National Geographic is no stranger to garment design, having partnered in the past with Element and The North Face for thoughtful graphic and upcycled T-shirts, respectively. However, the 130-year-old company — the National Geographic Society was founded way back in 1888 — is only now globally introducing its first complete range of adventure-ready wearables, almost entirely designed with conscious craft in mind.
Licensed to Corem, a branch of Hong Kong-based Omnibrand Group, Nat Geo’s first menswear collection rolled out throughout Europe last year. Encompassing staples — including polo shirts and mountain parkas — the designs are far more technologically savvy than the occasional Nat Geo items released as one-offs in the past. New Nat Geo goods are both style-conscious and environmentally-friendly, boasting packable shapes, trim cuts and recycled textiles.
Seasonal essentials, like the hooded field jacket, Pack Tech jacket and Re-Developed jacket, are all crafted with ample pocket storage and plentiful adjustable detailing, including zippers and pull tabs. Most of the Nat Geo branding is minimized, though the latter jacket sports a sizeable National Geographic logo inside. Ethicality comes into play with items like the filled jackets that replace goose down with lining recycled entirely from plastic PET bottles, as well as the Adventurer jacket, which incorporates “sustainable cotton” and reduced-impact garment-dying. Similarly, the branded hoodies and tees are crafted from the same cotton, finished with reflective logos for heightened visibility.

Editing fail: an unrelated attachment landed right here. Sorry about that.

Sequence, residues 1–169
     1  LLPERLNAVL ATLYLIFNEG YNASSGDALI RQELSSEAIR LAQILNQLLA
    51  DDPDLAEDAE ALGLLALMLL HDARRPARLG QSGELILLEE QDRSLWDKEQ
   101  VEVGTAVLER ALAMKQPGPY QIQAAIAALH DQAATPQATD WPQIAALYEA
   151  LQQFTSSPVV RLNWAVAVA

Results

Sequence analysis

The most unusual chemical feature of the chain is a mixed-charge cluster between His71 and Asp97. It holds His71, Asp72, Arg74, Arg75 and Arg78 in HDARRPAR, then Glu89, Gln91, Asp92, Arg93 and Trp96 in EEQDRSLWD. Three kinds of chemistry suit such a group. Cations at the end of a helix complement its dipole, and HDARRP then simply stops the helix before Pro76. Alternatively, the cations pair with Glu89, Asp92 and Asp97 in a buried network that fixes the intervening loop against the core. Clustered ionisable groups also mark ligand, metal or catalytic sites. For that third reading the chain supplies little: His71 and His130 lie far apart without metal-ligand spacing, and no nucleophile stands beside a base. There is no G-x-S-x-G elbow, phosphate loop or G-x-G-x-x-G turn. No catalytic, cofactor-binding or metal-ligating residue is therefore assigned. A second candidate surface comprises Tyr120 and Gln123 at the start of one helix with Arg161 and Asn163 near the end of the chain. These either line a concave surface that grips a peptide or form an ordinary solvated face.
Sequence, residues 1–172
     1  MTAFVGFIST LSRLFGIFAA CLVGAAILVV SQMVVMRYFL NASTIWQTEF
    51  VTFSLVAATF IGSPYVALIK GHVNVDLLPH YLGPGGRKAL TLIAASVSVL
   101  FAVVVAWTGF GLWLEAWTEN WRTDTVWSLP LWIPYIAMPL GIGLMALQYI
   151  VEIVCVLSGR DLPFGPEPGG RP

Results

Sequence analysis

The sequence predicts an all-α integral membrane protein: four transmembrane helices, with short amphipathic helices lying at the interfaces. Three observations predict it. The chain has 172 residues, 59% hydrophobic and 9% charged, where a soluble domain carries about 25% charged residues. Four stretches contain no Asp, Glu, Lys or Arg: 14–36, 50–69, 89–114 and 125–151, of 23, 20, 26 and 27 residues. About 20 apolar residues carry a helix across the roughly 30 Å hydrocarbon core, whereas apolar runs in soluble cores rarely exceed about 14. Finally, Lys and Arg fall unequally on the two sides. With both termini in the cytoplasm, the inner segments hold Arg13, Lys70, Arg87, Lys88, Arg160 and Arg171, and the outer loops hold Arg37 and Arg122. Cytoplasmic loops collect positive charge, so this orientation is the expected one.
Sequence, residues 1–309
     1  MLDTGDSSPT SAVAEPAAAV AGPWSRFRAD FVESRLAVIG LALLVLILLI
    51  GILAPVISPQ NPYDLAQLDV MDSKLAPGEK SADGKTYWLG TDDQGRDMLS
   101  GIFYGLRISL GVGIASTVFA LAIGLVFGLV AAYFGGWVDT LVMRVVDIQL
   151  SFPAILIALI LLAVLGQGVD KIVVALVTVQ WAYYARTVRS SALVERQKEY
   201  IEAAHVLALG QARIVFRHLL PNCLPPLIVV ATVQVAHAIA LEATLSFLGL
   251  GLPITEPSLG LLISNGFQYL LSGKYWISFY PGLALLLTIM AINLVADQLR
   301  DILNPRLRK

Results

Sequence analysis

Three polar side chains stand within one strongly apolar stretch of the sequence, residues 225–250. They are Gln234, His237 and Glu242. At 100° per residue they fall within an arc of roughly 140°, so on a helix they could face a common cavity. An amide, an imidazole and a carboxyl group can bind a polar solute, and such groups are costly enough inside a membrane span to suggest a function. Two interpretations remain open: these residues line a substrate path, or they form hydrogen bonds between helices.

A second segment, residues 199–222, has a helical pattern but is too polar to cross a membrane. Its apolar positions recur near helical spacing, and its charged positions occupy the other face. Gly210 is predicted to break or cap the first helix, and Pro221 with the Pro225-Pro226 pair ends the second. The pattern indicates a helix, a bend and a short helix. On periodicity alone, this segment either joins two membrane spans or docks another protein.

Expect the new National Geographic product to hit Corem’s site in the coming weeks, with a wider rollout planned later this year. Proceeds garnered from sales of the goods will partially benefit the charitable interests of the National Geographic Society.
Plenty of other functional garments have emerged recently, including The North Face’s new “Seven Summits” offering.